Pa. charts its highest single-day total for COVID-19 cases, health officials say
Dr. Rachel Levine, secretary of the Pennsylvania Department of Health, speaks during a press conference addressing the 2019 Novel Coronavirus (COVID-19) in Pennsylvania, inside PEMA headquarters on Tuesday, August 18, 2020.
Pennsylvania set a single-day record for new COVID-19 cases on Tuesday, one week before citizens go to the polls in the 2020 general election.
A total of 2,751 people tested positive for the coronavirus in the commonwealth, the state Department of Health said.
That’s more than the previous high of people who tested positive in a single day this spring, during the early days of the pandemic.
The spike matches warnings federal health officials have offered in the lead up to autumn that cases of the coronavirus could once again increase.
“We need to hunker down and get through this fall and winter because it’s not going to be easy,” Dr. Anthony Fauci, director of the National Institute of Allergy and Infectious Disease, said last month.
According to Johns Hopkins University, Pennsylvania has the second lowest per-capita testing rate in the country. Only Puerto Rico, a territory of the United States, has less testing.
The university’s testing data also shows that Pennsylvania’s testing positivity rate, which shows how often people tested are actually sick, rose by 2 percentage points to 11 percent in recent weeks.
Pennsylvania cases peaked in mid-April. For most of spring, businesses closed and people stayed indoors under orders from Gov. Tom Wolf.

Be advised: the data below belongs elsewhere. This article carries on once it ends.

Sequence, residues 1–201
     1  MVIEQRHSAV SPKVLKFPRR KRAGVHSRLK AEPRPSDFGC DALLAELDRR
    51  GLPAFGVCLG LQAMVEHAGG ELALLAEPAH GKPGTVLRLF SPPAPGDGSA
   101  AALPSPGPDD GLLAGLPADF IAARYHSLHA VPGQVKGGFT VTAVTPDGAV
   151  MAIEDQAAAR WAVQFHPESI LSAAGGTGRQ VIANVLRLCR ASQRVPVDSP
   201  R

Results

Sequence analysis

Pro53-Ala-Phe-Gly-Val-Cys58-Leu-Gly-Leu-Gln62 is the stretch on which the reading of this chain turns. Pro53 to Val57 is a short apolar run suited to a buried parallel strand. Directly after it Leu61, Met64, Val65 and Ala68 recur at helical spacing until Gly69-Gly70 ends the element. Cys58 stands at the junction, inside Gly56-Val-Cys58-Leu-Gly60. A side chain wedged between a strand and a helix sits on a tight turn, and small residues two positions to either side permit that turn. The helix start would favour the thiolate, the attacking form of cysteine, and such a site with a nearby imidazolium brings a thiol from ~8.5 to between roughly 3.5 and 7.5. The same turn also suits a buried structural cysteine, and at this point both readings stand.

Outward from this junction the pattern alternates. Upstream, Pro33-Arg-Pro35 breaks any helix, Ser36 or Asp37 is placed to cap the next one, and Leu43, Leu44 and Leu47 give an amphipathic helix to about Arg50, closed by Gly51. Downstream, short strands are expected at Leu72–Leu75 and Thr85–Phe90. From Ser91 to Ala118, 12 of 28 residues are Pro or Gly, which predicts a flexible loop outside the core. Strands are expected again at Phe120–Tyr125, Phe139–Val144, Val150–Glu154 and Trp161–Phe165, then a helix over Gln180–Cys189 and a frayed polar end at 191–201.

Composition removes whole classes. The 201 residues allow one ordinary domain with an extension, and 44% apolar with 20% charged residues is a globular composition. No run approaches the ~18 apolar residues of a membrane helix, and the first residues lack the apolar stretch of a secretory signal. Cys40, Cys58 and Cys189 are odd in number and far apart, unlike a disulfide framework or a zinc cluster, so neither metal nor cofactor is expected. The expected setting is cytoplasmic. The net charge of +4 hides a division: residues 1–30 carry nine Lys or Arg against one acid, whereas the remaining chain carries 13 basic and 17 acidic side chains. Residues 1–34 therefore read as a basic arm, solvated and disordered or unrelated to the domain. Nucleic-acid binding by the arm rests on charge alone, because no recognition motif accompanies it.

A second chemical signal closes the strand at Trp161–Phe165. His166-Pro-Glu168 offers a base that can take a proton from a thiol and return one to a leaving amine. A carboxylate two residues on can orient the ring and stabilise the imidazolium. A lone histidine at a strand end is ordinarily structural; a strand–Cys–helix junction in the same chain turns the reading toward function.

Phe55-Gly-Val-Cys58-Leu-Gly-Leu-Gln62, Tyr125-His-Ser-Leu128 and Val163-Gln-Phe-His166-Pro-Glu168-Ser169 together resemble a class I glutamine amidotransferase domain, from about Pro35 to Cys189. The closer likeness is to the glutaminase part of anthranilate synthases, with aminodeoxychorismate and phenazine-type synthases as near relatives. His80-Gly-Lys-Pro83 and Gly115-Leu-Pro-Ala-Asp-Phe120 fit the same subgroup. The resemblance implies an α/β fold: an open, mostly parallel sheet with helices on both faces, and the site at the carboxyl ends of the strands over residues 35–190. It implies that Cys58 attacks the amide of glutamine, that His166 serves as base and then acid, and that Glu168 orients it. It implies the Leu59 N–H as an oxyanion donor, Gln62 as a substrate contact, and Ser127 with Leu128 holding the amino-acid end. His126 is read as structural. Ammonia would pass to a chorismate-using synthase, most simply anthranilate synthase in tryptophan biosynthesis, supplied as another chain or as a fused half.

The state reopened over the summer, but with continuing restrictions on restaurants, bars and event venues.
Now, as cases once again increase to new heights, Wolf has not said if he’ll once again order business shutdowns or issue stay-at-home orders.
While Wolf’s orders were relaxed, officials argued in a court challenge that they were only temporarily suspended, not permanently revoked.
Wolf has also guarded his executive powers with his veto pen when Republican lawmakers tried to limit his ability to close businesses or control crowd sizes.
Dr. Rachel Levine, the state secretary of health, repeated her calls for Pennsylvanians to wear a mask, wash your hands, and keep space between others amid rising cases earlier this week.
The record highs in Pennsylvania match new national single day highs as well.
A timeline for a vaccine is still unclear. President Donald Trump, while downplaying the national spike ahead of his reelection, has also claimed at a debate last week that a vaccine could be ready by the end of the year.
His own health officials have testified a finished vaccine might not be completed until 2021.
Pennsylvania was one of many states to submit a plan for distributing such a vaccine to state residents this month. It did not release details of the application.
At a separate press conference Tuesday morning, Wolf and his Secretary of State Kathy Boockvar said they provided counties with hand sanitizer and masks to keep people safe if voting in person next week. However, there is no requirement to wear a mask in a polling place.
All told, 198,446 people have tested positive for COVID-19 in Pennsylvania since March. Of them, 8,696 people have died.
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